Her grandson Dave remembers the first time he found Myra, late one afternoon, hiding in back of the grain bins. Her hands covered her face and her shoulders were heaving. "Gramma, what's wrong?"

"Nothing," she said between gasps, "It's … it's the joke -- I just got it!"

The General's calling was not as a stand-up comic. Her calling lay elsewhere. As a young girl, Myra felt the Holy Spirit fill her soul. She knew then that she wanted to serve Jesus all her life. The greatest sadness in her life was the time she was born into -- back then, a woman couldn't become a minister of the word, and she wanted that so much.

But, as you know, when the Lord shuts a door, he opens a window. Myra spread the word of the Lord all her life, one-on-one, in groups, and in the way she lived. She was especially helpful with spreading the word among the Navajo Indians in the American West. She and her husband, for over sixty years, supported numerous Christian projects in the Navajo nation, providing money, supplies, Bibles, and an unending energy and commitment. If you find yourself out in Arizona, visiting among the Navajo, you'll see the results of the work of this special woman, and even a building or two that bear the Davidsmeyer name.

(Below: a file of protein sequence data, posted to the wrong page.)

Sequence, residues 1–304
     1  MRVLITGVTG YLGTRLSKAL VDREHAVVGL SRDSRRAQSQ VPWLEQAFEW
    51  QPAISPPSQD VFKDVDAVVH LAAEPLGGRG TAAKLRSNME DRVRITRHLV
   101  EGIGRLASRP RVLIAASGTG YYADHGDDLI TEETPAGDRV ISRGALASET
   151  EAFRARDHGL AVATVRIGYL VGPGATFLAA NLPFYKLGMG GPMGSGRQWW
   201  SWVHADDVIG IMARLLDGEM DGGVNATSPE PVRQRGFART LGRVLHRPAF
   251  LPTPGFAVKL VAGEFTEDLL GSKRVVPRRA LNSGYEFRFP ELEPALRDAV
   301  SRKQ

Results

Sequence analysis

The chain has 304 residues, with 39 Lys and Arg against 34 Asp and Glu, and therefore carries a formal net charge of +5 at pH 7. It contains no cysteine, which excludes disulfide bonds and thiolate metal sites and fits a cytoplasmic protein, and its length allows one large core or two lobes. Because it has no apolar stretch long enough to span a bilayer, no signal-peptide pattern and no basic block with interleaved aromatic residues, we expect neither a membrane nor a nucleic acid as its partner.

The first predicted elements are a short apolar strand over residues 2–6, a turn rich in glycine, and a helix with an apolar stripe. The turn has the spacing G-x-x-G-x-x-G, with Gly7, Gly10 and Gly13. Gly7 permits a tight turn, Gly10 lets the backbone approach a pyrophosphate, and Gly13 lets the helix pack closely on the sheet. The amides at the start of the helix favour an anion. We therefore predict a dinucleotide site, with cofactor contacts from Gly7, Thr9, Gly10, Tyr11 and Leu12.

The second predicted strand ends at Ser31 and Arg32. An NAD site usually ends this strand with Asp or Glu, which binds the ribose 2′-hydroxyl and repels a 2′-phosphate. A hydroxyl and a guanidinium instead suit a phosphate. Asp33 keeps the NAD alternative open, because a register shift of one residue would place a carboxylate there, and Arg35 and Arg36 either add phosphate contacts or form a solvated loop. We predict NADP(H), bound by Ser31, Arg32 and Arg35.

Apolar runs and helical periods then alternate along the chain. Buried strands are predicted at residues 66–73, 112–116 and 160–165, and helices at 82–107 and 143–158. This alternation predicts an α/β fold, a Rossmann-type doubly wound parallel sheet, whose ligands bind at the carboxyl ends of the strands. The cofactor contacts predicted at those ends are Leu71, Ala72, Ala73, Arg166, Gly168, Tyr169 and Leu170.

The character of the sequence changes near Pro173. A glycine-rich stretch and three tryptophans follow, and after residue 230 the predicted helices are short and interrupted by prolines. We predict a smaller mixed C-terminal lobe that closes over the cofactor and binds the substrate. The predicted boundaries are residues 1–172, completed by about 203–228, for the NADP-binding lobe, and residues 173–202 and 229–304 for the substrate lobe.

Her legacy, though, is not to be found in brick and mortar … it's found in the heart, and in the family that she leaves behind. Her 19 year-old great-granddaughter Karen Sprenger wrote this: "I heard of Great Grandma D's death just this morning and even though the only time I ever physically met her was when I was a baby, I still feel the loss. I went to an art exhibit for class today and there was a set of three photos that really affected me. It was entitled Matriarchs and it was comprised of three individual photographic portraits of old women. They were physically old, but had spirit and strength in their eyes that reminded me of my Great Grandmother. She's always been great to talk to with her great spirit. Her love was always well conveyed in every message. I know she kept us in her prayers, we'll always keep her in our hearts."

Her family can take comfort in their sure knowledge that, at long last, the General is where she has longed to be … in the warm and loving embrace of her Savior, Jesus Christ. She's re-united with her beloved husband Howard, whose been awaiting her in heaven for 20 years. Of course, Heaven might never be the same. I'm sure the General's already re-organizing the place.

For those of us left behind, I'd like to share the words of a favorite tract that Myra kept with her. "Did you know that today is a special day? … this day is God's gift to you, a 24-hour present from your creator filled with His divine opportunities. Today God has opened a new chapter in your life. Yesterday is history. Today is yours now. So, let's celebrate. Let's start enjoying God's goodness now […] On this special day let's thank God for this gift of life. Let's praise Him, that He loved us enough to send His Son to free us from our sins. And let's trust Him for the days to come. 'This is the day which the Lord hath made, let us rejoice and be glad in it.'"